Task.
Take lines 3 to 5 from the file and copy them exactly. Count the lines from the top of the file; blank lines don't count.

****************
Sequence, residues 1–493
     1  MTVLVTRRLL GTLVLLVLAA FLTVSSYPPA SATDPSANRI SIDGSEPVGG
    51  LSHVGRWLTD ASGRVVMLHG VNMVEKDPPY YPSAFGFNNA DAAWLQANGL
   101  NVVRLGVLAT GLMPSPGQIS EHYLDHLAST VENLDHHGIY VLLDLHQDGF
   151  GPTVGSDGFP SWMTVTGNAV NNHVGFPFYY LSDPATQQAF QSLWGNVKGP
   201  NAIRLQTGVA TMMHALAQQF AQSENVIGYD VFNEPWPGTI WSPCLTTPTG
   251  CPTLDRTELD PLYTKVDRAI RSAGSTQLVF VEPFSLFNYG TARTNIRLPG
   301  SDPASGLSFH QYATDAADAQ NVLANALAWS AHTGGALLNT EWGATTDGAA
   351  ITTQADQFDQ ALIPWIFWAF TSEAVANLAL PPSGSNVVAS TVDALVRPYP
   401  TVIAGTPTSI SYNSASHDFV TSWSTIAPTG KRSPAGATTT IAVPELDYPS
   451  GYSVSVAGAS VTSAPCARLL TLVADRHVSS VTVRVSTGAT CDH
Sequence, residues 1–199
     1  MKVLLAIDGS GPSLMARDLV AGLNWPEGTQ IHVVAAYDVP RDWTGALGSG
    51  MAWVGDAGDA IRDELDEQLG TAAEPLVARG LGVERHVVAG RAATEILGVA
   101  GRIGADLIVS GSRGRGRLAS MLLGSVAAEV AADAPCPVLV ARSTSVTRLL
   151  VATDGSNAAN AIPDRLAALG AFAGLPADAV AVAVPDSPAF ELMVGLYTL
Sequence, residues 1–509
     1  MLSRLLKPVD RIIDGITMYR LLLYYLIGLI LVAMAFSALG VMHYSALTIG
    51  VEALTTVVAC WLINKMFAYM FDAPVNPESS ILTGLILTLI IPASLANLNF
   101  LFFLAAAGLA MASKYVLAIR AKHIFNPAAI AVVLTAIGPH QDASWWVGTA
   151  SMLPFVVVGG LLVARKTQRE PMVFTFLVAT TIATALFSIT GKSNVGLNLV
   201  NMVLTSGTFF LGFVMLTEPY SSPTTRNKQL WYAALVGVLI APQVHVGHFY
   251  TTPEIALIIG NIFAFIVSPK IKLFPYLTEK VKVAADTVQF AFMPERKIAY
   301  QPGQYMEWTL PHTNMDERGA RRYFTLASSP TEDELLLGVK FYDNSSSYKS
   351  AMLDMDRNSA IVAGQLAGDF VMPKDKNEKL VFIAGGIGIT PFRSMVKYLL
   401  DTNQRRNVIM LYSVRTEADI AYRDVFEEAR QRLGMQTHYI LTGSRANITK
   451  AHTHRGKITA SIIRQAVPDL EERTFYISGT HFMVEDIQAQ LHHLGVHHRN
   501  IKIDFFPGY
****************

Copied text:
    51  LSHVGRWLTD ASGRVVMLHG VNMVEKDPPY YPSAFGFNNA DAAWLQANGL
   101  NVVRLGVLAT GLMPSPGQIS EHYLDHLAST VENLDHHGIY VLLDLHQDGF
   151  GPTVGSDGFP SWMTVTGNAV NNHVGFPFYY LSDPATQQAF QSLWGNVKGP